Repeal of guest worker bill introduced; would strip police certification of chiefs who don't enforce immigration laws

Bill would punish police chiefs who don't enforce it


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  • New to Utah PAYSON, UT
    Jan. 28, 2012 8:52 a.m.

    It took great courage for Rep Chris Herrod to buck the SLC chamber of commerce, the police chief of SLC and the position of the DN to actually seek a much better alternative to the very flawed HB116 the so called Guest Worker Law. Herrod thoughtfully crafted legislation that actually gets to the real issue illegal immigration and confronting the costs, unfairness of businesses employing illegals and then dumping the real costs of educating, incarcarating,housing those who chose to break our laws on the taxpayers when we have a 16 trillion debt.

  • Brer Rabbit Spanish Fork, UT
    Jan. 27, 2012 2:50 p.m.

    From what I have noticed, the criminal illegal aliens hide among the "undocumented" immigrants, and are protected by them. This is especially true concerning adult males having sex with underage females in the illegal alien community. Because of the closeness of this community the "undocumented" immigrants often refuse to help the police because the criminal illegal alien is often a family member, friend, or a member of their religious congregation.

  • EJM Herriman, UT
    Jan. 27, 2012 2:22 p.m.

    I find it absolutely hilarious that the posters on here complaining about the federal government not enforcing it's immigration laws are the same ones who post on here about the federal government overreaching it's authority with the issues of federal lands and education. On the one hand we have our local politicians and others who say "We are going to get the federal government out of what are OUR local issues" but on the other hand are saying "We want you to come in and enforce these laws that affect us locally". Help us here, get out over there. No wonder we get looked at by other Americans as kind of strange. And no wonder that the federal government does NOT take Utah seriously. Come on...5 electoral college votes. Do the math.

  • Woodyff Mapleton, UT
    Jan. 27, 2012 2:12 p.m.

    @Zionide - local police enforce many federal laws, why not this one? Burbank should be fired. Becker should not be re-elected.

  • RichardB Murray, UT
    Jan. 27, 2012 1:34 p.m.

    @very concerned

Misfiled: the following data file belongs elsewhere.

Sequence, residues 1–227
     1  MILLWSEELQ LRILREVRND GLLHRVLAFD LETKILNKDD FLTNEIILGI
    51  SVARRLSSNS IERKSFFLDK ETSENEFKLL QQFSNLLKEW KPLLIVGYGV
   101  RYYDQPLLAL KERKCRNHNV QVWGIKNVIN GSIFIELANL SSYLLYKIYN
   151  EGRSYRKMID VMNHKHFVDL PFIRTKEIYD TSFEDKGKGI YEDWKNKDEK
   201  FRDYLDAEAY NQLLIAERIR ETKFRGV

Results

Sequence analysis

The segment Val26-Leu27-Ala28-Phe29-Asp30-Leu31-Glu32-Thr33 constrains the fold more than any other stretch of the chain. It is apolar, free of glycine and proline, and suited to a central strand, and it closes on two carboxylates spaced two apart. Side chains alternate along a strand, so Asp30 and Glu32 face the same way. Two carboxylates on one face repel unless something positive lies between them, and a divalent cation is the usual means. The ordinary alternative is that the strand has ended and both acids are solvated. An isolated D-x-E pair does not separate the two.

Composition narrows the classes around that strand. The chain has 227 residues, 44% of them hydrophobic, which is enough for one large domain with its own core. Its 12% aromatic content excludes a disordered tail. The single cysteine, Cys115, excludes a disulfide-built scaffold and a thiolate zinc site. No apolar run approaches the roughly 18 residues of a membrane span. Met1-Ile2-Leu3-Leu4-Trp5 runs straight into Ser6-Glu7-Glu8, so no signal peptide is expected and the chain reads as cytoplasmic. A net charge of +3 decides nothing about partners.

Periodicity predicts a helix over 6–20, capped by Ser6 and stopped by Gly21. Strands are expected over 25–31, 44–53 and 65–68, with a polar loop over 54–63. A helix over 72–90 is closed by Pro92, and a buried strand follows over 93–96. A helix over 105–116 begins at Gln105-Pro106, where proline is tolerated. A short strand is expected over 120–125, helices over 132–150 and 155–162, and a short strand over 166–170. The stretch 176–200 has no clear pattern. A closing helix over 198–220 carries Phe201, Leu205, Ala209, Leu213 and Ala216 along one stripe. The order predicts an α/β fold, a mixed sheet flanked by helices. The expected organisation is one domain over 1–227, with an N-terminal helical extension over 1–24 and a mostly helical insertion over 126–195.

Illegal immigration hurts American citizens with reduced wages, stolen identities, lost jobs, and increased taxes. How is that compassionate?

    Compassion would of been telling people not to come here illegally in the first place, before we had this mess. Compassion would be telling people now that they should come legally.

    Our laws are some of the most compassionate in the world (Israel gives up to 14 years in jail, with no trial) we also let in more legally than any other industrialized country. That's not stifling immigration. What we are seeing is people making excuses to build up a surplus of cheap labor.

    The Church has told members to immigrate legally, and countries have a right to enforce their laws. So they only support legal immigration. No matter what an individual, church, or business motive is, greed is the underlying motivation for 12-18 million people here illegally.

  • Rifleman Salt Lake City, Utah
    Jan. 27, 2012 1:02 p.m.

    Re: VIDAR | 11:09 a.m. Jan. 27, 2012
    "There is no way that the police can enforce all laws, they simply do not have the manpower"

    I agree with you 100%. The people in prison and on parole had the attitude that they could break the law and would probably get away with it. I personal chose to obey our laws, even the ones I don't agree with, and don't have to worry about the police arresting me.

  • very concerned Sandy, UT
    Jan. 27, 2012 12:30 p.m.

    What we need are truly compassionate laws that do not stifle immigration, but allow it in an orderly, regulated fashion. And as far as greed being the reason churches support immigration and sympathize with the immigrants plights, I can only write what I believe to be the motive of the Church of Jesus Christ of Latter-Day-Saints, which bases its teachings on compassion rather than greed.

  • very concerned Sandy, UT
    Jan. 27, 2012 12:28 p.m.

    I think that we, by ignoring our own laws for so long, have contributed to this fiasco. This has discouraged full participation by immigrants. They are afraid to participate. There is a whole population who tries to live below the radar. Again, we have allowed this to happen because we have ignored immigration laws and enforcement for so long.